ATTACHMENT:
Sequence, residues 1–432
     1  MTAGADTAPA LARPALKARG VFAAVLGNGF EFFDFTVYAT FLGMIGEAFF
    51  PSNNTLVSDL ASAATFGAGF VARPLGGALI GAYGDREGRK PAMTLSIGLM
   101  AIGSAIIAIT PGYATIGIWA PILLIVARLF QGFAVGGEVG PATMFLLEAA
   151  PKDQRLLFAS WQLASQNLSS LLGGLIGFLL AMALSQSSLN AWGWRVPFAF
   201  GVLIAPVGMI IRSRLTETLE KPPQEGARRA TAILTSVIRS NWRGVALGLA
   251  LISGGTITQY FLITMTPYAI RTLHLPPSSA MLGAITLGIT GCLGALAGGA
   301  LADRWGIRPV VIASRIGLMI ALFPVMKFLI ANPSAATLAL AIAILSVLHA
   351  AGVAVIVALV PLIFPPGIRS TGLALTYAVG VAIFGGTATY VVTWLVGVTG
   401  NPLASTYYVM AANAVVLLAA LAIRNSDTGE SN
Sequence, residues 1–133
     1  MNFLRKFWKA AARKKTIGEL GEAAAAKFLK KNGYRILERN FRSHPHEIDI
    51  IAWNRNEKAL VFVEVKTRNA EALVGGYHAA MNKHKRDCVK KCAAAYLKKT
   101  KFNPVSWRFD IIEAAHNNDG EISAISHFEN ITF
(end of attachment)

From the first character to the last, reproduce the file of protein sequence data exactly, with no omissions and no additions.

Sequence, residues 1–432
     1  MTAGADTAPA LARPALKARG VFAAVLGNGF EFFDFTVYAT FLGMIGEAFF
    51  PSNNTLVSDL ASAATFGAGF VARPLGGALI GAYGDREGRK PAMTLSIGLM
   101  AIGSAIIAIT PGYATIGIWA PILLIVARLF QGFAVGGEVG PATMFLLEAA
   151  PKDQRLLFAS WQLASQNLSS LLGGLIGFLL AMALSQSSLN AWGWRVPFAF
   201  GVLIAPVGMI IRSRLTETLE KPPQEGARRA TAILTSVIRS NWRGVALGLA
   251  LISGGTITQY FLITMTPYAI RTLHLPPSSA MLGAITLGIT GCLGALAGGA
   301  LADRWGIRPV VIASRIGLMI ALFPVMKFLI ANPSAATLAL AIAILSVLHA
   351  AGVAVIVALV PLIFPPGIRS TGLALTYAVG VAIFGGTATY VVTWLVGVTG
   401  NPLASTYYVM AANAVVLLAA LAIRNSDTGE SN
Sequence, residues 1–133
     1  MNFLRKFWKA AARKKTIGEL GEAAAAKFLK KNGYRILERN FRSHPHEIDI
    51  IAWNRNEKAL VFVEVKTRNA EALVGGYHAA MNKHKRDCVK KCAAAYLKKT
   101  KFNPVSWRFD IIEAAHNNDG EISAISHFEN ITF